30 years ago a little-seen and mostly-forgotten tv series premiered on BBC2. It was an attempt at a telling stories within a realistic setting only 40 years in future. This is was “Star Cops”, the brainchild of Chris Boucher (writer of Doctor Who and script editor of Blakes 7 for the entire run). He would seek advice from NASA and arrange for a set visit from former astronaut, Pete Conrad. The purpose of this post is not review the series or appraise it but rather comment on it’s view of the future, what seemed fantastic then, does it seem mundane now, 30 years later?
In the 3rd episode “Intelligent Listening for Beginners” the concept of a computer virus as a weapon is first introduced as these malicious programs are used in the story to cause a crash on the Channel Tunnel and an explosion at a chemical plant.
The first computer virus was developed in the early 1970’s on the ARPANET (forerunner to the Internet) and the the term was first mentioned in the 1973 film “Westworld”. The first PC virus to get public attention was the “Waterfall” or “Cascade” virus in the late 1980’s and early 90’s. It’s primary effect was that letters on the PC monitors would start to fall ‘down’ the screen and then gather at the bottom.
Flash forward to today and Anti-Virus software is very big business and is an actual arms race between developers of these damaging programs and those who seek to defeat and defend against them. One of the most famous examples of using a computer virus as a weapon is the “STUXNET” virus that was discovered in 2010. STUXNET was developed to target specific components used in the production of Nuclear materials. It was targeted at the country of Iran and is estimated that it infected 200,000 computers and caused 1,000 machines to completely fail. Earlier in 2017, the “WannaCry” Malware proliferated very quickly across multiple networks by utilising a vulnerability in unpatched Microsoft servers.
In the episode “A Double Life”, the team of characters use a portable DNA analyser to implicate a thief who has stolen from the Moon base. They use a portable machine to conduct the analysis and the result is achieved within minutes.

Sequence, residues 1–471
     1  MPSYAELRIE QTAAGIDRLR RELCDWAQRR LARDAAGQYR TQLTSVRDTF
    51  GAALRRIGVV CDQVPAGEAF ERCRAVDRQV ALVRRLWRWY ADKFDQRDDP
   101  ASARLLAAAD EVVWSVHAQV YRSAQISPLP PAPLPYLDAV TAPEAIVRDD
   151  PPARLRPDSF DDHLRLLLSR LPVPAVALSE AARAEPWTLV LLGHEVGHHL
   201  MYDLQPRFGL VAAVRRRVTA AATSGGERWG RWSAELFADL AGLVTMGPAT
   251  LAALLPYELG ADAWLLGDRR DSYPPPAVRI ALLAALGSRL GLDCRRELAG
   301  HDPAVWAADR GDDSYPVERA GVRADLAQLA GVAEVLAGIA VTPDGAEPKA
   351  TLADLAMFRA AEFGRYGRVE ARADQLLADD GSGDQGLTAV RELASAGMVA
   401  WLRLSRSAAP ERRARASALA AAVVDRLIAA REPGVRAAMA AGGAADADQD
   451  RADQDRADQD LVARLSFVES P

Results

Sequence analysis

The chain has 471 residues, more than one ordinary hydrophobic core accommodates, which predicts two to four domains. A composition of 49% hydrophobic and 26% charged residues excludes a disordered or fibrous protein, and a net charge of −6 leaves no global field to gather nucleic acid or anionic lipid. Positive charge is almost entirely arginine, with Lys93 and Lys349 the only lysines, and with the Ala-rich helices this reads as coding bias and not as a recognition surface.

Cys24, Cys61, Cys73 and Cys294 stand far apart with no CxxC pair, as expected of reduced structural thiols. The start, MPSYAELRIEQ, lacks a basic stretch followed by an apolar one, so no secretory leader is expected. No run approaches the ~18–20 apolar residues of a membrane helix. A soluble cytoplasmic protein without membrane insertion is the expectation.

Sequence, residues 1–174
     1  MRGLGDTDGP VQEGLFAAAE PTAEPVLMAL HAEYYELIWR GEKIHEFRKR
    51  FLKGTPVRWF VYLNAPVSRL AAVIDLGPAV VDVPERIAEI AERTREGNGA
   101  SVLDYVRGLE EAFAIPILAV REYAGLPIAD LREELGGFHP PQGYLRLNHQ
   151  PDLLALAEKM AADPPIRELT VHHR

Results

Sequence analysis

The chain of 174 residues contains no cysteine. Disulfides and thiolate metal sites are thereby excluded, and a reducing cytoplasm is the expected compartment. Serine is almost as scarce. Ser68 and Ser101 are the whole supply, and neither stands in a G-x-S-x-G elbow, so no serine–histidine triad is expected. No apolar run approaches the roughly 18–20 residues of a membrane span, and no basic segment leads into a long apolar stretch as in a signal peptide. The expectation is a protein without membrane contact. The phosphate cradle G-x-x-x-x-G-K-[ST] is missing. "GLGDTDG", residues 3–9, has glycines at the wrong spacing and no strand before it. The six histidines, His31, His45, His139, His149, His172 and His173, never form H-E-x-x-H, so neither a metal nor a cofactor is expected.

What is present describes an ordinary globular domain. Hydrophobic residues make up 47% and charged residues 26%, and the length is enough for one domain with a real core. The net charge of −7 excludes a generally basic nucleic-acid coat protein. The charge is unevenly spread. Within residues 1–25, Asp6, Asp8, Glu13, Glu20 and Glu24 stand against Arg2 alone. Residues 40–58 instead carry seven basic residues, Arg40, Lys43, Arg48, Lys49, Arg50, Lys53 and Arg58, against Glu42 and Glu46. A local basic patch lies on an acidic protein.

DNA Fingerprinting (or profiling) as it is sometimes called was first used in a criminal conviction in 1986 when evidence was used to link an individual to two rapes that had happened three years apart. At that stage a comparative large amount of DNA material had to be used and it could take up to two weeks to produce a result for comparison, whereas today it takes roughly 24 – 72 hours for the same result.
The retention of this data is still a point of contention with concerns of privacy being at the forefront.
Talking face to face via a screen of some kind is a staple of television science fiction since the original series of “Star Trek”. Video conferencing was first developed in the late 1960’s (influenced by Star Trek?) by AT&T but it wasn’t until the 1980’s that networks would become fast enough that it would become viable but the hardware required would be prohibitively expensive.
It wouldn’t be until the advent of the Internet and the widespread implementation of the TCP/IP protocol (primary communication method of the internet) plus being to able to use off-the-shelf hardware that would really bring Video Calling to the masses.
These days, now we have Facetime, Skype and other services, video calling from anywhere in the world is a reality.
Throughout the series, the lead character, Nathan Spring, is rarely seen without his trusty portable computer he refers to as “Box”. He often engaged in conversation with it and even gets it to call and book a table at his favourite restaurant.
A PDA or Portable Data Assistant is a term first coined in 1992 with the release of the Apple Newton but the first recognised PDA was the Psion Organiser (which doesn’t look too far from
what the Box prop would look like in the tv series). Box in the TV series doesn’t have a screen or buttons of any kind (but does have a nifty Holo Projector) and all interaction with it is done verbally. It can obviously access some kind of cellular network as it is able to query Nathan’s bank balance and retrieve data about movies and poetry when required. Box demonstrates that it is always listening and sometimes forwards ideas and conjecture and so demonstrates a rudimentary artificial intelligence.
Siri and Cortana of today’s devices has nothing like the abilities of Box but a lot of the same functions such as information retrieval and search are now present.
Throughout the series the characters will often bark out “Screen On”, “Sound Off”, “Lights”, etc. and the environment around them will react accordingly.
A concept for home automation was first mooted back in 1975 but there was never much pickup due to the expense of the specialised hardware required. Arguably the first device to pierce the public conscience was the Smart Thermometer by NEST, first released in 2011 which has led to a wide range of similar devices.
Arguably with the introduction of devices such as Amazon’s Alexa and Google Home we have achieved what was seen in the TV series.